Chowan students return to campus

Published 10:05 am Tuesday, August 25, 2009

MURFREESBORO — They came bumper to bumper with their vehicles packed with all of the staples for surviving dorm room life.

On Saturday, Chowan University welcomed incoming freshmen along with their families. Calls to approximate how many students the private university saw were not returned immediately as of press time Monday.

This year the day featured hospitality tents to greet the students/family members as well as to provide lunch. On hand were area churches, which along with local businesses and organizations contributed to make the day possible.

“We tried it last year, but this year it was more intentional,” said Mari Wiles, Minister to the University and Instructor of Religion. “With the stress and the economy we’re trying to meet a need.”

The muggy day wasn’t exactly ideal moving in weather, but the students and their families made the best of it. They came with dollies, carts and as many extra pairs of arms they could find in the form of aunts, boyfriends and even nanas.

Gabriel White of Richmond, Va. was among the flurry of activity outside of Belk Hall (one of Chowan’s female dormitories).

“I’m not nervous, but I’m excited,” she said about starting classes. “I’m looking forward to meeting new people.”

Gabriel along with her parents, Gloria and Tyrone, had just finished carrying her belongings to the third floor of the building. The teen, who plans to major in biology, was thankful to the student-athletes who were on hand to assist in helping the freshmen move in.

Gloria White said the family first found out about Chowan through a flyer in the mail. Tyrone then proceeded to bring the university’s Web site up online.

“I like it because it’s a small university and you don’t fall through the cracks,” said Gloria.

Rhonda and Jeffery Jones of Oxford said the idea of their daughter, Melissa, going to a small university was also appealing to them.

“She went to a small high school…sometimes a big university can be intimidating,” said Rhonda. “So far it’s been a great experience.”

For Melissa, who plans to major in graphics design and is a Belk Hall resident as well, the idea of “just being somewhere” was a plus.

In all seriousness, she added that the graphics program was what attracted her to the university.

Baffour Opoku of Chesapeake, Va. was one of those extra pairs of strong arms as he moved his stepdaughter, Bianca Michel, into Belk.

“We heard a lot of great things (about Chowan),” he said. “We like the small atmosphere…the closeness (of the campus body).”

Michel, who will be majoring in pre-law and criminal justice, said she had already felt that bond at Chowan.

“They knew my name,” she said about her check-in process. “It was like family. …I really can’t wait (for classes to begin).”

On the other side of campus, Dunn Hall (a male dormitory), was seeing the same bustle.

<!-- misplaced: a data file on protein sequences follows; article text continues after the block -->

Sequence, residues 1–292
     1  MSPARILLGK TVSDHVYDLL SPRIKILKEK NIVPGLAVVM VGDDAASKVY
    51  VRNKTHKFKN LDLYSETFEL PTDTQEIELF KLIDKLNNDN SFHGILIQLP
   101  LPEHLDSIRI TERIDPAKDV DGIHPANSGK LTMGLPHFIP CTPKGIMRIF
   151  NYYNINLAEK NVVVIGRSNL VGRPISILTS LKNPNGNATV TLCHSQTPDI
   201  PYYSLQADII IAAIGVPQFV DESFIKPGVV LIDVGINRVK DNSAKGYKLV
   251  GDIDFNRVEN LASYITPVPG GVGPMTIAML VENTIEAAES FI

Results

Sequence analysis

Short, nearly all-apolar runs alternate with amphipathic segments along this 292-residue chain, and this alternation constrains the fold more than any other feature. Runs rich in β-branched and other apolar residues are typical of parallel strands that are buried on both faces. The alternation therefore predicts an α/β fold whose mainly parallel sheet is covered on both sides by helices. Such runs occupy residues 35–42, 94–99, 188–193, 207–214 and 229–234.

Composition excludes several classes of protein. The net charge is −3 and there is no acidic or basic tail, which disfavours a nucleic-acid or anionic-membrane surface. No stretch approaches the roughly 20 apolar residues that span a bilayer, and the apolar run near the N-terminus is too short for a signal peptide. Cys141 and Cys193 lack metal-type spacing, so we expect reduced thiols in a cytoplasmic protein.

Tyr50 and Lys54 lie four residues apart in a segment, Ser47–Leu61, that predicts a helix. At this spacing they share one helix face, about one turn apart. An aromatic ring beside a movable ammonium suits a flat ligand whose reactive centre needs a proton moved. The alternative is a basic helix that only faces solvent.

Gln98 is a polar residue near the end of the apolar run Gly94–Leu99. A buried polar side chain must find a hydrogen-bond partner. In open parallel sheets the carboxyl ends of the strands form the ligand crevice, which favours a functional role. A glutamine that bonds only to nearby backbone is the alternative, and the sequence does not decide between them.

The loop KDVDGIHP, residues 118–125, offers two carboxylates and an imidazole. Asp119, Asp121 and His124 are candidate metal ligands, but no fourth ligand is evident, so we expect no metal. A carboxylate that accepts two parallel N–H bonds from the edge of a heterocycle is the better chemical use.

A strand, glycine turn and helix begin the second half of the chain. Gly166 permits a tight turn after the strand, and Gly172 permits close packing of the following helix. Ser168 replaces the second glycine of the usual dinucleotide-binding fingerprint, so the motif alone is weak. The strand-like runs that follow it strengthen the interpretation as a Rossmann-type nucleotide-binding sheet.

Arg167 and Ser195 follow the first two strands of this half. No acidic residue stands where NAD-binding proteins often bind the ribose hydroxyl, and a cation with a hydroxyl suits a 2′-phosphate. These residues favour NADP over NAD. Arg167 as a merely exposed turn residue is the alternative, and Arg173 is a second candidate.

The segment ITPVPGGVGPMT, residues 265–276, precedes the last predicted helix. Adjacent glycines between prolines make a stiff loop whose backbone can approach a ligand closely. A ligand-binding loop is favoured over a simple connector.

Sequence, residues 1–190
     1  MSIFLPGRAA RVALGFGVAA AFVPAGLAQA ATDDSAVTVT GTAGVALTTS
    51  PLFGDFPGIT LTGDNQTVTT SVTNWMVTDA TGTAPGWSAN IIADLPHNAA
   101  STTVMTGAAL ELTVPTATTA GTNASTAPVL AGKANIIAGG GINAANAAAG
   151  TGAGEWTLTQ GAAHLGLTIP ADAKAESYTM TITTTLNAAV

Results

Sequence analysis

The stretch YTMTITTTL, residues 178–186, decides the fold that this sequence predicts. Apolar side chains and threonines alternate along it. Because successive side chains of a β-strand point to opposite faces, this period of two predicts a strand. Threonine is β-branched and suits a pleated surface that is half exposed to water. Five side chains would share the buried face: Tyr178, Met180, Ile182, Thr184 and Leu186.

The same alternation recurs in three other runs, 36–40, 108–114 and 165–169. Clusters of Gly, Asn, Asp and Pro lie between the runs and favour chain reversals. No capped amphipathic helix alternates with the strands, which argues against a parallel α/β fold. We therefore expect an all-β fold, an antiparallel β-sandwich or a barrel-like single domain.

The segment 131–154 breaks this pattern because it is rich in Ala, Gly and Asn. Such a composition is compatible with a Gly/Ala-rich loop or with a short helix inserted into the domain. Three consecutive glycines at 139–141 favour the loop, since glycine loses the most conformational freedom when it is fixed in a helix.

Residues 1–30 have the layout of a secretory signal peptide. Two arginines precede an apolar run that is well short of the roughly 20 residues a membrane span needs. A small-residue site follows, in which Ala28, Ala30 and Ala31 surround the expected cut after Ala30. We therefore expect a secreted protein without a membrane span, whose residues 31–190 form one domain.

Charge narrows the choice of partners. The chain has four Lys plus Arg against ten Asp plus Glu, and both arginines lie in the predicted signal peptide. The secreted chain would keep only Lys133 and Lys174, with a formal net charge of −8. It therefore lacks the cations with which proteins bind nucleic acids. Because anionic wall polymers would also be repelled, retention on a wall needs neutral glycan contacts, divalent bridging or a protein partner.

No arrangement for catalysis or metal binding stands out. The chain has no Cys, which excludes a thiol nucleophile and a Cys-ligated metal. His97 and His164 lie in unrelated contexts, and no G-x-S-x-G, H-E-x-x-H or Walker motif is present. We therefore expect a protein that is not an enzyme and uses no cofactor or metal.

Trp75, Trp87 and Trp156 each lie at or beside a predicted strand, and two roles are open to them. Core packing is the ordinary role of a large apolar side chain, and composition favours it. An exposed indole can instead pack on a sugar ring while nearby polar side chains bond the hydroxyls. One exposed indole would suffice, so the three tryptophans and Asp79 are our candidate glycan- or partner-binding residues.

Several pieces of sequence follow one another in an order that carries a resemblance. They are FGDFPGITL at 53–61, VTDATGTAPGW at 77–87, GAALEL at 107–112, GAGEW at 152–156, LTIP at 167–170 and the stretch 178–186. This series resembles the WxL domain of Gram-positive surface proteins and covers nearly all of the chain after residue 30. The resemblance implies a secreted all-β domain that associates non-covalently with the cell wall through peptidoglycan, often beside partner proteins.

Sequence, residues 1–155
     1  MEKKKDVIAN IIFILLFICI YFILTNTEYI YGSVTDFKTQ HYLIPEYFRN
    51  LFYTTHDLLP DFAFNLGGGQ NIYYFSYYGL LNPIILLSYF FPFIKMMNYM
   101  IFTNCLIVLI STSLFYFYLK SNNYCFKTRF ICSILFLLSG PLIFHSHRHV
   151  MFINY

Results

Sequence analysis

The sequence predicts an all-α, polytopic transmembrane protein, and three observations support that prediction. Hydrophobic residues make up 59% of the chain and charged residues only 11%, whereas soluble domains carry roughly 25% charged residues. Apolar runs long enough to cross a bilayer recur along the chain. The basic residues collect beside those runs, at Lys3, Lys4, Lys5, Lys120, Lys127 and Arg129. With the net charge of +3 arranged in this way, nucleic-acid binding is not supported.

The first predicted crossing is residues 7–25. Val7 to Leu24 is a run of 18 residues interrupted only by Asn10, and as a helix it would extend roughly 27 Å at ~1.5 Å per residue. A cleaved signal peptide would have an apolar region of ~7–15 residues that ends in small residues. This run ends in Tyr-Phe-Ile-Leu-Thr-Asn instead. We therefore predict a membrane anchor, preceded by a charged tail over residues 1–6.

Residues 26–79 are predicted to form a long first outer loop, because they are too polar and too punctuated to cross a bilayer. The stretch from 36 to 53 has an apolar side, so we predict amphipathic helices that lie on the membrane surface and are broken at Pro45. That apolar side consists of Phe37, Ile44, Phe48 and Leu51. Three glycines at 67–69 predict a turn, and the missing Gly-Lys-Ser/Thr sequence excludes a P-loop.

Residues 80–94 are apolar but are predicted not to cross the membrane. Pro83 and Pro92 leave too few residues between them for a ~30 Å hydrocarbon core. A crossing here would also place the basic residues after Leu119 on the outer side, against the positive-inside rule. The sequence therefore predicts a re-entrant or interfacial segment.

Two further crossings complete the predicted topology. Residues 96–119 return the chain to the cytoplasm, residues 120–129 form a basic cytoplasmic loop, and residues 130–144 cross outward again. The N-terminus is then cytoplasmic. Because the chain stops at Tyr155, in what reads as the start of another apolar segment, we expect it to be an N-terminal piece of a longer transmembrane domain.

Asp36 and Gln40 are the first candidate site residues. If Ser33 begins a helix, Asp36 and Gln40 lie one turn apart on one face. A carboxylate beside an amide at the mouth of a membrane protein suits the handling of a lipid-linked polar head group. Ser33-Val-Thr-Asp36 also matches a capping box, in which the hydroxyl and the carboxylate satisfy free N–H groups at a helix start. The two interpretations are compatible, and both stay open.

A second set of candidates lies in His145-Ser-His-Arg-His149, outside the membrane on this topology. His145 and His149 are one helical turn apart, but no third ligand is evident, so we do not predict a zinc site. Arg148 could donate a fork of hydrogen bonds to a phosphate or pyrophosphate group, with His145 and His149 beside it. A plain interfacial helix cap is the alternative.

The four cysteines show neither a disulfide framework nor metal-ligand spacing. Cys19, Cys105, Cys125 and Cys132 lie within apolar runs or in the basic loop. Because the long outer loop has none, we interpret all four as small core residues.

Betty Mickey of Sacks, Va. guarded her son’s (Walter) items as her family and student-athletes made trips from her vehicle to the dorm room.

Walter will be majoring in the graphics program and has an interest in joining the football team, but surgery for an ACL injury has forced him to sit out for at least a year.

Mickey said she was looking forward to meeting with the different churches to get an idea of the area.

“I think it’s nice (that they invited the churches),” she said. Zach Stallings of Pinefield, Ind. was attracted to Chowan for another reason.

“I have family in Virginia,” he said. “I was wanting to come out and be around them.”

Stallings said football was another reason as he plans to register for the sport this year. His major will be exercise fitness.

Stallings, was joined by his aunt, Hope Pittman, and “nana,” Diane Stallings, to help move him into the third floor of Dunn Hall. Nana Diane stayed in Stallings’ room to make his bed.

“It’s one less thing I have to do,” the teen quipped.

Stalling said the university football players were a big help while moving in. And, of course, the fact that Stallings brought along a hefty cart with large gripping wheels helped too. The freshman described it as “a Radio Flyer on steroids.”

Stalling said he’s looking forward to meeting new people the most.

“I’m looking to get involved with the community,” he said. “I want to get to know everybody.”

Pittman said she was looking forward to making connections of her own at lunchtime at the hospitality tent.

“I think it is great,” she said about the campus. “There has been a tremendous amount of help (with moving in).”

Rita Deloatch of Winton was also moving in her son, Derek, into Dunn Hall.

Deloatch said growing up in the shadow of Chowan did influence her and her son’s decision in him attending.

“It’s a landmark,” she said. “It’s an opportunity for him to get a good job.”

Deloatch said she was impressed with the area churches coming out to greet the students and their parents.

“I think it’s wonderful and it says a lot about the community,” she said.